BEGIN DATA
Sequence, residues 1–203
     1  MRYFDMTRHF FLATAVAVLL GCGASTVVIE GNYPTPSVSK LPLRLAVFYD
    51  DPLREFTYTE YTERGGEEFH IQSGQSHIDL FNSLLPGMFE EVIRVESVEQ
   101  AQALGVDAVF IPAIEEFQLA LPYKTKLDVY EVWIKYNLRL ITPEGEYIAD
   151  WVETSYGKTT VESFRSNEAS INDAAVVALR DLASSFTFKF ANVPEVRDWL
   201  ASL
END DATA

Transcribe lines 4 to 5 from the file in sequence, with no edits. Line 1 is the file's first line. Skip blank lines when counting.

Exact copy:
   101  AQALGVDAVF IPAIEEFQLA LPYKTKLDVY EVWIKYNLRL ITPEGEYIAD
   151  WVETSYGKTT VESFRSNEAS INDAAVVALR DLASSFTFKF ANVPEVRDWL